Theatrical release of ‘Lipstick Under My Burkha’ crucial, says Alankrita Shrivastava
New Delhi: After more than six months of battling the Central Board of Film Certification (CBFC), which refused it a certificate for “contagious sexual scenes, abusive words, audio pornography and a bit sensitive touch about one particular section of society”, director Alankrita Shrivastava will finally see her film, Lipstick Under My Burkha, hit the screens across the country on 21 July.
A push from the Film Certification Appellate Tribunal (FCAT) that granted her an adult certificate and acclaim from several international film festivals only add to the buzz around the controversial film. In an interview with Mint, Shrivastava speaks about why the theatrical release of this film symbolizes a wider acceptance for women’s expression and freedom in India and what she wants people, both men and women, to take away at the end of two hours. Edited excerpts:
How does it feel now that Lipstick Under My Burkha is finally getting released? How important is that for you compared to all the wide festival acclaim already received?
I think it’s a wonderful feeling to know the release is on Friday, I’m very excited to see how people in India engage with the film. At a deeper level, I feel a sense of victory, not just for myself but for the whole idea of women in India being able to express themselves and tell their stories from their point of view. Of course, I feel like I have the added bonus of really having travelled with the film. I’ve lost count but I think it’s travelled to 35 film festivals which are all sites for great cultural experiences and it’s really wonderful to see your film compete with other independent cinema of the world and see some sort of resonance of themes and style. There were very strong emotional reactions to the film and I’m very happy about it.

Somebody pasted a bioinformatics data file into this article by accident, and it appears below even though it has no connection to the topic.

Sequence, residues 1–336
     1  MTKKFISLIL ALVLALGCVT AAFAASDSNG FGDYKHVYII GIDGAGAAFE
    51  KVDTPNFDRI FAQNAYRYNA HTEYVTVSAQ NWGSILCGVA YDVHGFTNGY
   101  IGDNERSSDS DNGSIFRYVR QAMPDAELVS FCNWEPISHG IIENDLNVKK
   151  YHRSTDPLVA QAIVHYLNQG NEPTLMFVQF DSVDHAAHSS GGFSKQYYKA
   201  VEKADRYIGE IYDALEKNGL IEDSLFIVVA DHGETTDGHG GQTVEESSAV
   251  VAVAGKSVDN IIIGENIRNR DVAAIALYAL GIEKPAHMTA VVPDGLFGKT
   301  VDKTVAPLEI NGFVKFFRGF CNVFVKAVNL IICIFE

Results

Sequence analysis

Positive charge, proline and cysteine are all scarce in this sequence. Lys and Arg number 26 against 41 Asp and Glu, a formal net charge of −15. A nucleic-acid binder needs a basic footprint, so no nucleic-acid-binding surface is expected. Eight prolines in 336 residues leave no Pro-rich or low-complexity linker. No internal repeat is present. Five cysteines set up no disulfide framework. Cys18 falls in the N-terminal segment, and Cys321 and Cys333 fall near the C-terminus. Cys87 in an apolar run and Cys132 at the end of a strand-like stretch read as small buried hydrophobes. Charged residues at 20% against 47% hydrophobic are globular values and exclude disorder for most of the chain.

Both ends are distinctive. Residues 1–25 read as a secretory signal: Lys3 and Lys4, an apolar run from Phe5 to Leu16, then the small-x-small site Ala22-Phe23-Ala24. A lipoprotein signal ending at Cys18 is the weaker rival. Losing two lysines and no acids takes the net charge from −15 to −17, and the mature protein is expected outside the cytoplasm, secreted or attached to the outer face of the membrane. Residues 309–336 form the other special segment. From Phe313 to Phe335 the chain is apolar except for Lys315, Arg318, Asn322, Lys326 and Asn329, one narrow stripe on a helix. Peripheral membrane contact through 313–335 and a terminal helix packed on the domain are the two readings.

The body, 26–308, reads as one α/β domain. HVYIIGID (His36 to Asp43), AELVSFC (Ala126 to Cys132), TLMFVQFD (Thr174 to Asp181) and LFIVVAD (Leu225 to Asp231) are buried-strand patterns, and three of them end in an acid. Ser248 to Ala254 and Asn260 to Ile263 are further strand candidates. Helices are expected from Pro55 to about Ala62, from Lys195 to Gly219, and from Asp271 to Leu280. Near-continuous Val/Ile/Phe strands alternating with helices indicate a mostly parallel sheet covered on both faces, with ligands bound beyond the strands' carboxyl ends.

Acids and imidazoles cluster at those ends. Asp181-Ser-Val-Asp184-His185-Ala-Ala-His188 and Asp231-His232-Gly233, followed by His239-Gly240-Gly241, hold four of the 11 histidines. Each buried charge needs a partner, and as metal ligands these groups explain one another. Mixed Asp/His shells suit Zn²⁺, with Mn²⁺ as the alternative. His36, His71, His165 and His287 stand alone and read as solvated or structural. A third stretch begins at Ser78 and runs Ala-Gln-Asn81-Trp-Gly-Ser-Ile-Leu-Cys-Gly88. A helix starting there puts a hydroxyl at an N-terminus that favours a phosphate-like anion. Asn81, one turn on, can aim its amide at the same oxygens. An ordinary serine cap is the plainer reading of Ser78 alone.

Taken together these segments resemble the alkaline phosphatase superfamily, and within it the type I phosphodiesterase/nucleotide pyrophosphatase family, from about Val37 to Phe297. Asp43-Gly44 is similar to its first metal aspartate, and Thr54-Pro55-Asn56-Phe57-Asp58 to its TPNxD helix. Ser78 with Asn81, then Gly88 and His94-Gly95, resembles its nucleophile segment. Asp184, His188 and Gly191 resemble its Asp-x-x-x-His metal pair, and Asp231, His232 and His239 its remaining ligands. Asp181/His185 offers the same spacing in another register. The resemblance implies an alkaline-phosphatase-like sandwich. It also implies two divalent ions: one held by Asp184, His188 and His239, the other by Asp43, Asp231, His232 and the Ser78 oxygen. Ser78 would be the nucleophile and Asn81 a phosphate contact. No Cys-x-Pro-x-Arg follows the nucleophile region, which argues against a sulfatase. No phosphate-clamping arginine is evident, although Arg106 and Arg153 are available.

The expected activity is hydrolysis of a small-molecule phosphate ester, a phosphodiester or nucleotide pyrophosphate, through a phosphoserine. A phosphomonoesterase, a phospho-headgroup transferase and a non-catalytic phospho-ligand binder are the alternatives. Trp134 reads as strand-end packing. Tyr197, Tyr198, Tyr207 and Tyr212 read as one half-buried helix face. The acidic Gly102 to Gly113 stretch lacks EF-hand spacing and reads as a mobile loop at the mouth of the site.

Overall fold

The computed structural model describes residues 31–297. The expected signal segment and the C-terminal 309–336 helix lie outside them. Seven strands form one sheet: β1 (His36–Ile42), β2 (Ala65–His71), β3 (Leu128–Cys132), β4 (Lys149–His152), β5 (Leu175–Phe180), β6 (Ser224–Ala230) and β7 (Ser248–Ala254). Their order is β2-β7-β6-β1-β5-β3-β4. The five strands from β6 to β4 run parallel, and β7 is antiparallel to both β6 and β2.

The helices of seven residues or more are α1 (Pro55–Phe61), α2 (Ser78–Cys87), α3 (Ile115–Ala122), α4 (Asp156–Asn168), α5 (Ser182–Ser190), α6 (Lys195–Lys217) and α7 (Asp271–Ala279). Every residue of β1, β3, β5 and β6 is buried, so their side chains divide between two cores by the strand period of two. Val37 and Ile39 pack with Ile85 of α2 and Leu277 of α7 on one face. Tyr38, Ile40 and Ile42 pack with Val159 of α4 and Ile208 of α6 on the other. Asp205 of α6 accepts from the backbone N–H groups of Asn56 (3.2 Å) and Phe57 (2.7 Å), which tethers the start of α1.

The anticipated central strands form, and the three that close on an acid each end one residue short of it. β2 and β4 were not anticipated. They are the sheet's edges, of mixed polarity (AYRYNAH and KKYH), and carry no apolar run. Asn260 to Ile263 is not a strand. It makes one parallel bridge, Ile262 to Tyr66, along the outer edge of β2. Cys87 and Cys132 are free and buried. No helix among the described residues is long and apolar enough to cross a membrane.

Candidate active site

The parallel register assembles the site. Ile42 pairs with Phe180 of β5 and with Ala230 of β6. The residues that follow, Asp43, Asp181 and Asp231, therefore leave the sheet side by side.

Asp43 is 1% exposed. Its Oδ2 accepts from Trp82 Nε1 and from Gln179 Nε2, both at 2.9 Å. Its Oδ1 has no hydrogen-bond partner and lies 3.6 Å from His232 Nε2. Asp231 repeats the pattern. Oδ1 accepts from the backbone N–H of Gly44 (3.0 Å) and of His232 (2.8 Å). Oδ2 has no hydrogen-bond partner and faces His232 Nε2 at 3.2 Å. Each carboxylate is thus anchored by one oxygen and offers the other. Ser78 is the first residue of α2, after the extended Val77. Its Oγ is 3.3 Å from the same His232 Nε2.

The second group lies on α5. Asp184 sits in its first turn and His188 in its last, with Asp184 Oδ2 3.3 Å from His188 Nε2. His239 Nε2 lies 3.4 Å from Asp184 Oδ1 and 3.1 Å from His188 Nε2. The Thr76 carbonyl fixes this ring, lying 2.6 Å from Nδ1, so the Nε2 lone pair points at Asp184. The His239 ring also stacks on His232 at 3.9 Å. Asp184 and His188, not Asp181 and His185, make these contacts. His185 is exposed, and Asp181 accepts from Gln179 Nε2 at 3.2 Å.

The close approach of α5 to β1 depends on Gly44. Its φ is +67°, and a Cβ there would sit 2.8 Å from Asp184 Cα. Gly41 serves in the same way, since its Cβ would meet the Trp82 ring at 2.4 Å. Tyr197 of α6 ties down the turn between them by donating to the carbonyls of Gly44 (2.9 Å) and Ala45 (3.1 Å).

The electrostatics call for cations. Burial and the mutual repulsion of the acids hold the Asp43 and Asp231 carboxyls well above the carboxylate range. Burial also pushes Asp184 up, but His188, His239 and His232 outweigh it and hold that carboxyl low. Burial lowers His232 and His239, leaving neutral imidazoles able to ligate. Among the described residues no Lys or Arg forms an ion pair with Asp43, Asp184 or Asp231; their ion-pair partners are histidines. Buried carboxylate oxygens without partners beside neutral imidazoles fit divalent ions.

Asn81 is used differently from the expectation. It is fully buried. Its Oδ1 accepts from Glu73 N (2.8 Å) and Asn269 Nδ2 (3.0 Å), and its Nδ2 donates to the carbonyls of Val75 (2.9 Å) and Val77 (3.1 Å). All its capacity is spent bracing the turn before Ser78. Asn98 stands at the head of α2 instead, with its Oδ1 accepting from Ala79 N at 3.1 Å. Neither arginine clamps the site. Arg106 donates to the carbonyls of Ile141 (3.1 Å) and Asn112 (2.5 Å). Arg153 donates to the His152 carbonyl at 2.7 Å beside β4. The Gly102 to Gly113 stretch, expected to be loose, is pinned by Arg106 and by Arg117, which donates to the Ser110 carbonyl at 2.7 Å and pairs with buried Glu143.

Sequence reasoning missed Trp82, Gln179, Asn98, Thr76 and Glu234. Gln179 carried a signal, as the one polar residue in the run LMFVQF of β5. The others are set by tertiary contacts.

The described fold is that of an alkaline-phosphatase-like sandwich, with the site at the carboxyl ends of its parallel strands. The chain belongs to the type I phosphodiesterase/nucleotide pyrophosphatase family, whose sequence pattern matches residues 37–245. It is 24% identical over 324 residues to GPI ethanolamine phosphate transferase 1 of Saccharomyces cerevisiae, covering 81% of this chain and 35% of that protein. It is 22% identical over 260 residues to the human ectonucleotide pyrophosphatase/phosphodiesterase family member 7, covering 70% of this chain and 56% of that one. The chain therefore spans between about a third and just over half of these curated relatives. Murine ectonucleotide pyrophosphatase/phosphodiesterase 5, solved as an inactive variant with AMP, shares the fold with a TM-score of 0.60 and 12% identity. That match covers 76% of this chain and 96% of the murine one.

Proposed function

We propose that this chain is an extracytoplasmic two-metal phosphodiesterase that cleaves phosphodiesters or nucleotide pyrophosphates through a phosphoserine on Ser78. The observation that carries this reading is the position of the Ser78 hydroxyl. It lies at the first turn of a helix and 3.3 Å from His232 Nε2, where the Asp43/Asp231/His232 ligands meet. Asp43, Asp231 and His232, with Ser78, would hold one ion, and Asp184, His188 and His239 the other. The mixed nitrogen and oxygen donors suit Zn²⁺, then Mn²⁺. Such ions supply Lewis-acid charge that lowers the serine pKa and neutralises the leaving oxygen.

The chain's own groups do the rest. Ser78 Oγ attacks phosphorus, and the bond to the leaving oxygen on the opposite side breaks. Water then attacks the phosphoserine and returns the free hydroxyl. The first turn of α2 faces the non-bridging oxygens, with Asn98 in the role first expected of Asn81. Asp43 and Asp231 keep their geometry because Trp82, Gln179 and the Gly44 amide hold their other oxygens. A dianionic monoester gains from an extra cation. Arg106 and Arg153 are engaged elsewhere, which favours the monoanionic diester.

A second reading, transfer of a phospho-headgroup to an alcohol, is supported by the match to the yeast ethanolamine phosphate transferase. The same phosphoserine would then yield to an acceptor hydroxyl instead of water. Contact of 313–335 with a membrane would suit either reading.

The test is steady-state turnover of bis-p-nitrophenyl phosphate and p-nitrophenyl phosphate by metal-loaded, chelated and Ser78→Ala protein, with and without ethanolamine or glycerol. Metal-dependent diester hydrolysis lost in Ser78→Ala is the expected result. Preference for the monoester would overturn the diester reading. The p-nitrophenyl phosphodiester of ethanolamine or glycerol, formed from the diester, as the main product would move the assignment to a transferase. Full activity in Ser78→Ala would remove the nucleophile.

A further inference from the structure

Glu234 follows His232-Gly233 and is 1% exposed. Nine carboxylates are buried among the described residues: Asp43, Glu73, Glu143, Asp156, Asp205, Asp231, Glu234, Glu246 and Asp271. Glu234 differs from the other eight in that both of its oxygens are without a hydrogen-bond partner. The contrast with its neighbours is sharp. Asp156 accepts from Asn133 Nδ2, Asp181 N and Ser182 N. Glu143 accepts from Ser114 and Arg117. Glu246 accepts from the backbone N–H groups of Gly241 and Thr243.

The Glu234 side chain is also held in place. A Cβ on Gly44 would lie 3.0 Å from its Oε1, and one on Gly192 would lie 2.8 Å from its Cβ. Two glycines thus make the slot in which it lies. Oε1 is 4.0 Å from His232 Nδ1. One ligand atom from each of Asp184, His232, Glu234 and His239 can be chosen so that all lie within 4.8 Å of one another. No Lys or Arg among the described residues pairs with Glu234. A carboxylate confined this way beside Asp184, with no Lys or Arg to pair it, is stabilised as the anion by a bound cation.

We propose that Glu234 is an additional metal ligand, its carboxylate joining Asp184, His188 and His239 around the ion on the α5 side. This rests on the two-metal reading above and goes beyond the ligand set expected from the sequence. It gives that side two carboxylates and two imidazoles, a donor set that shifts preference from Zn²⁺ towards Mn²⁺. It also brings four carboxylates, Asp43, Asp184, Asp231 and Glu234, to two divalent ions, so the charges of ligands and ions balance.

I don’t know about the ultimate aim but a theatrical release means a lot because so many years of your life go into one film and it is very important to have people watch and engage with it. Also, the film is made in India, it’s about people in India which is why a theatrical release was crucial and I was very clear that we must release the film theatrically. Especially in the case of independent cinema, it’s so hard to get your film funded, distributed and exhibited.
But I don’t want to disrespect any platform. However people watch the film, the idea is they should connect with it.
Are you okay with the version you’re bringing out as approved by the FCAT?
The good thing is the FCAT actually never asked us to delete anything except trim a few seconds of the sex. Not that I think that should be done but it’s okay. Considering the context where the CBFC was not going to let us release at all, I think to cut a few seconds of sex to release the film is all right. But I think we had a fair discussion with the FCAT. They were very clear in their judgement to call out the CBFC for their decision. The inner desires of women cannot be a reason to refuse certification to a film. I’m very happy we’re living in a functioning democracy where some form of redressal is possible.